The Potentials of Dehydroepiandrosterone (DHEA) in Skin ageing process.

 

Anshita Gupta1, Swarnlata Saraf1, Chanchal Deep Kaur2*, Shailendra Saraf1

1University Institute of Pharmacy, Pt.Ravishankar Shukla University,Raipur,C.G

2Shri Rawatpura Sarkar Institute of Pharmacy, Kumhari,Dist-Durg,C.G, India

*Corresponding Author E-mail: dr.chanchaldeep@gmail.com; research_iop@rediffmail.com

 

 

ABSTRACT

Ageing and hormones are inter-related terms playing crucial role in human’s life. Dehydroepiandrosterone, commonly known DHEA, is among those hormones which directly interfere with the ageing process and its effects is remarkably visible. The role of DHEA in fighting against the signs of aging have been tested for a long time. Recent researches in the field of hormones and steroids has provided the researcher with new insights to investigate the potentials of DHEA and its sulfate esters in the field of skin aging complications. DHEA, which is an adrenal cortex hormone act as mediator in various biochemical pathways, essentially required for maintaining the homeostasis of the body. The present aim of this review is to focus on the role of DHEA and its sulfate esters in skin aging process and in its related disorders. The review also highlights different delivery systems available for targeting this drug to the desired site of action for better therapeutic activity.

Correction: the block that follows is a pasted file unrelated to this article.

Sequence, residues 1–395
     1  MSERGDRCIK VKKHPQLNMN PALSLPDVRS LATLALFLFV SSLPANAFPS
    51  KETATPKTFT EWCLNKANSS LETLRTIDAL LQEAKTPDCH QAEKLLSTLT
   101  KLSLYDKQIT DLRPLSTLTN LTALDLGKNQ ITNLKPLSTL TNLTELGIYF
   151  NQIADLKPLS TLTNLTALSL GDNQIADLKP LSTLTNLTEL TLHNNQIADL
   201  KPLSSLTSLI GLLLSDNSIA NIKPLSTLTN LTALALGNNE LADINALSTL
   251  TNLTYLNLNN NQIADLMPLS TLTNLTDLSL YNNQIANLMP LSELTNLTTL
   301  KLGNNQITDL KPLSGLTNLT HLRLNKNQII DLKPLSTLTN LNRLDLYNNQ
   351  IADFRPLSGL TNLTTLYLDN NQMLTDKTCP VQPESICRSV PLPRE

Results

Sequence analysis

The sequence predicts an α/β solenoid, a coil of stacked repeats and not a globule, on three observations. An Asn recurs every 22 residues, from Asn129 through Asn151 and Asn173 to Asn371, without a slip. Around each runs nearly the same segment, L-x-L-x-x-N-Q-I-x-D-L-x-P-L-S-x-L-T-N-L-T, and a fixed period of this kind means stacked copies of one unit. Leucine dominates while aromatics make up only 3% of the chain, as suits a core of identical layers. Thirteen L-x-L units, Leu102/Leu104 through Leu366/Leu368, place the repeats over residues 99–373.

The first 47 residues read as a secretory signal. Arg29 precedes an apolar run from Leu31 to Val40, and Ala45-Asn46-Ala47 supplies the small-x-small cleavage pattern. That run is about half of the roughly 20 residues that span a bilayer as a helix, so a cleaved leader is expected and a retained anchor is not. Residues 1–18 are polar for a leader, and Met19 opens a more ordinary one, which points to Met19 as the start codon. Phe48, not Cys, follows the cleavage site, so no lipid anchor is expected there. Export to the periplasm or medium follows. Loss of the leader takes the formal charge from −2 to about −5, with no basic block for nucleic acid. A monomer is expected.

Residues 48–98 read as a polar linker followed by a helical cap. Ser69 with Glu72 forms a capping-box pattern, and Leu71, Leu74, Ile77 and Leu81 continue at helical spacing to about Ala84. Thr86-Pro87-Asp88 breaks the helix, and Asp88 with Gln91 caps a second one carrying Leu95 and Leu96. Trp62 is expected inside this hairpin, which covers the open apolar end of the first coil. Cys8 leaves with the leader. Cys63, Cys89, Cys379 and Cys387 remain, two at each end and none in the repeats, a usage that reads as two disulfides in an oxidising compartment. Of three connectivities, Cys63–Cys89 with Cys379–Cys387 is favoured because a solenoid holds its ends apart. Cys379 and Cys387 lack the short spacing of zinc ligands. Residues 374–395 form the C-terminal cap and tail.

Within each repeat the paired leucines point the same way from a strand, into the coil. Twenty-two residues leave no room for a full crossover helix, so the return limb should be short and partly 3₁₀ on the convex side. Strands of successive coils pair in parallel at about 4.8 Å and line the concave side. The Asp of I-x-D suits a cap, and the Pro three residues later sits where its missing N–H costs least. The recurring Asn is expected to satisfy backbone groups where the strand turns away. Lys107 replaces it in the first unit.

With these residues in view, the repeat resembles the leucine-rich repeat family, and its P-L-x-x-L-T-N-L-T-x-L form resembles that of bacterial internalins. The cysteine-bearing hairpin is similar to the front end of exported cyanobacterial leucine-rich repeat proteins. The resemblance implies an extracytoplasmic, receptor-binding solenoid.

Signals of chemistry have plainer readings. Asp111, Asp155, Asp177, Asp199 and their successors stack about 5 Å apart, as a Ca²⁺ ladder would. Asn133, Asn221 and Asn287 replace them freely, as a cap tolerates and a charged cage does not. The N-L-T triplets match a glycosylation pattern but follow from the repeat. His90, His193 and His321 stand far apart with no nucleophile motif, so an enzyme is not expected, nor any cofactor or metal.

KEYWORDS: DHEA, Testosterone ,Estrogen ,Targeted drug delivery.

 


INTRODUCTION:

Dehydroepiandrosterone, also known as DHEA and its sulphate esters [DHEA-S] are the major androgens secreted by adrenal glands during the course of puberty. These hormones are converted into testosterone and estrogens in systemic circulation. Dehydroepiandrosterone ester has longer half life but it is an inactive prohormone which is further needs to synthesized [1][2]. The role of DHEA is like an indirect precursor of the sex hormone, Since it is abundantly produced by the body in man and women both in adulthood the level decreases with age however its concentration is found higher in women rather than in men. The deficiency of DHEA in body results in rapid ageing process [3][4].The DHEA is required by the body to initiate the release of various hormones that keeps the body young. The term buffer hormone is used for the DHEA and its sulfate ester  which emphasis about the chemical nature of the compound [5][6].

 

Chemistry of DHEA and DHEA-S

Dehydroepiandrosterone is produced by the adrenal gland and remains in the systemic circulation of the body. It is an endogenous type of hormone which is steroidal in nature. It actively participates in the synthesis of various hormones and key player in the biosynthesis of sex hormones [7][8]. The term “neurosteroid hormone” perfectly describes the role of DHEA in human body.